Britain’s water company shares shrug off regulator “no” on bill hikes

LONDON (Reuters) – Shares in British water utilities rose on Thursday after regulator Ofwat told companies to upgrade crumbling infrastructure, but without the big bill increases they had lobbied for.

Equity traders shrugged off the muted bill increase, after Ofwat released its draft determinations for the sector, including its views on company business plans, some of which it called “outstanding”.

Shares in Pennon Group were up 6.7% at 0753 GMT, after the company also named Laura Flowerdew as its new CFO, replacing current finance chief Steve Buck.

United Utilities and Severn Trent shares were up 2.2% and 1.5%, respectively.

Water companies have routinely released sewage into rivers and seas, which have made Britain’s waters increasingly dirty in the last five years, putting the regulator under intense pressure to act.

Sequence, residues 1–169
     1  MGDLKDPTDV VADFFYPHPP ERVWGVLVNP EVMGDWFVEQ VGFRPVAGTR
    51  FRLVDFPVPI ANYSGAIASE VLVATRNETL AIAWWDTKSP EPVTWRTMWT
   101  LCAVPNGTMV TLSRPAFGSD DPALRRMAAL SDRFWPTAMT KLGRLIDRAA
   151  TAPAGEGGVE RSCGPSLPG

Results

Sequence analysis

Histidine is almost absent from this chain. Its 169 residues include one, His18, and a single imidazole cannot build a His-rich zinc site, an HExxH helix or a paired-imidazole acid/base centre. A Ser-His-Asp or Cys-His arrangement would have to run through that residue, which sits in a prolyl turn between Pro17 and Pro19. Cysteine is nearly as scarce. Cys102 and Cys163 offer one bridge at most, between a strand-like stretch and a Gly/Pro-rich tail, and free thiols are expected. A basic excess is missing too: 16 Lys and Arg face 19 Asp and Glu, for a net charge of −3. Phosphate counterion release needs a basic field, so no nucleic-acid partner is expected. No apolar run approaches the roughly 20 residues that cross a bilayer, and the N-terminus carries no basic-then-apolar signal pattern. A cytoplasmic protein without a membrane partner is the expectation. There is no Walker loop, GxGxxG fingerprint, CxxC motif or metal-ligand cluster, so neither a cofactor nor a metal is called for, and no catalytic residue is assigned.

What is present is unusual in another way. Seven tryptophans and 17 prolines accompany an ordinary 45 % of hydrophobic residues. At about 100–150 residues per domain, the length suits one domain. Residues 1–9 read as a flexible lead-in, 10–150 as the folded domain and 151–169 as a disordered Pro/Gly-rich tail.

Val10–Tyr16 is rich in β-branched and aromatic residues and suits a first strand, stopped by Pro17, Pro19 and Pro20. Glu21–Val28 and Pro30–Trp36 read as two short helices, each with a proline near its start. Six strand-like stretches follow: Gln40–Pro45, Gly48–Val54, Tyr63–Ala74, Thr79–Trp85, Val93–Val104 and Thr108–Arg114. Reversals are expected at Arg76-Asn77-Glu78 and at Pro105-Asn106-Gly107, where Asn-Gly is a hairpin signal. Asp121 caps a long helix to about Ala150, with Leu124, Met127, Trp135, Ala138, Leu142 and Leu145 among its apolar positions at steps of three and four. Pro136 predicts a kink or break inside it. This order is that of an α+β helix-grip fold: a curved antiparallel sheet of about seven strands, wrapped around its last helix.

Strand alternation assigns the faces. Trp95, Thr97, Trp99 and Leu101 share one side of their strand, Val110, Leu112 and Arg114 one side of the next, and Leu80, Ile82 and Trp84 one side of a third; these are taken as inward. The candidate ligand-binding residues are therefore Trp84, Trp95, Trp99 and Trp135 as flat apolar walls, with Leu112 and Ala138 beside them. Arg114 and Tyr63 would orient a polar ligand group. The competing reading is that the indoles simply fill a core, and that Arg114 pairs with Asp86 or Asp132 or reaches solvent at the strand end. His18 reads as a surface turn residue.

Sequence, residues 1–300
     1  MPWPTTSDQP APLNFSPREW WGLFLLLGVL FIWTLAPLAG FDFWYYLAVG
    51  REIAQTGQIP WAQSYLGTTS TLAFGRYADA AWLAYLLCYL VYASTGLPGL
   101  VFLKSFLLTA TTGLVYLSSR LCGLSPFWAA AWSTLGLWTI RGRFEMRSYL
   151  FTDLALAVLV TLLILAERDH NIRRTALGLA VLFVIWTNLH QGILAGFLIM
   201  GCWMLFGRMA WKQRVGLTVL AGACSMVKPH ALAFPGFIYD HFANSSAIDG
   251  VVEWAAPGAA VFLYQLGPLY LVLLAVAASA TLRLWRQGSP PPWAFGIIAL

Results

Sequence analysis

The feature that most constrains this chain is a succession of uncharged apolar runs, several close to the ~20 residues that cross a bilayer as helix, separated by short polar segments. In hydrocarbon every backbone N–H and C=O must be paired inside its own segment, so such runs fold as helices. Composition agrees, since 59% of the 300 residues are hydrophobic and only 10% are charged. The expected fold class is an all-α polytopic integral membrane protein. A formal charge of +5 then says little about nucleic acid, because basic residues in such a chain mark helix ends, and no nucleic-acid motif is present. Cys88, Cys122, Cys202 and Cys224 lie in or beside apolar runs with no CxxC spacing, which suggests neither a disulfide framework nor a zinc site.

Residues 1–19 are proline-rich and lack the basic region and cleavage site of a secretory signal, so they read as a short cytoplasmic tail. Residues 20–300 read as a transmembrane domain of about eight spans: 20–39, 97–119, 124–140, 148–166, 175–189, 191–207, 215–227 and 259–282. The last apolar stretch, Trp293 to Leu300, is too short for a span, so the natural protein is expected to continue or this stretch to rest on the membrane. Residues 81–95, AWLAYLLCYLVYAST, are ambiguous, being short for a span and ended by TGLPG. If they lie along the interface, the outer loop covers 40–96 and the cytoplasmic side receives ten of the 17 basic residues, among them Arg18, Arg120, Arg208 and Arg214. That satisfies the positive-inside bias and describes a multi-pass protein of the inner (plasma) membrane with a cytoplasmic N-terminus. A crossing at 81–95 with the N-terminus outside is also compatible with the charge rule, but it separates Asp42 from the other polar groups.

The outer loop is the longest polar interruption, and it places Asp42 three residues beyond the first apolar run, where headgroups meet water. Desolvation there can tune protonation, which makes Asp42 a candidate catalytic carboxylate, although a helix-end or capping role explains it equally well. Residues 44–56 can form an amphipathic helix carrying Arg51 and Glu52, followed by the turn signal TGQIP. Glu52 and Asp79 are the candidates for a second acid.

Thames Water, which is privately owned, warned on Tuesday it would run out of money next year if it did not secure 3.25 billion pounds ($4.18 billion) of equity and that it needed bigger bill rises to help it attract those funds.

For the next five years, Ofwat on Thursday said that companies would be able to increase average bills by 21%, or 94 pounds, well below what providers had wanted.

It called business plans by Severn Trent and Pennon Group “outstanding” with United Utilities classified as “standard”.

“We think Pennon is a significant beneficiary of the outstanding business plan award given the de-rating we have seen in the stock versus peers and a view that this would not have been in market expectations,” RBC Capital Markets analyst Alexander Wheeler said in a note.

“SVT outstanding also a positive, although arguably more expected given a view that SVT are one of the strongest names in the sector.”

($1 = 0.7772 pounds)

(Reporting by Samuel Indyk; Editing by Amanda Cooper)


Close Bitnami banner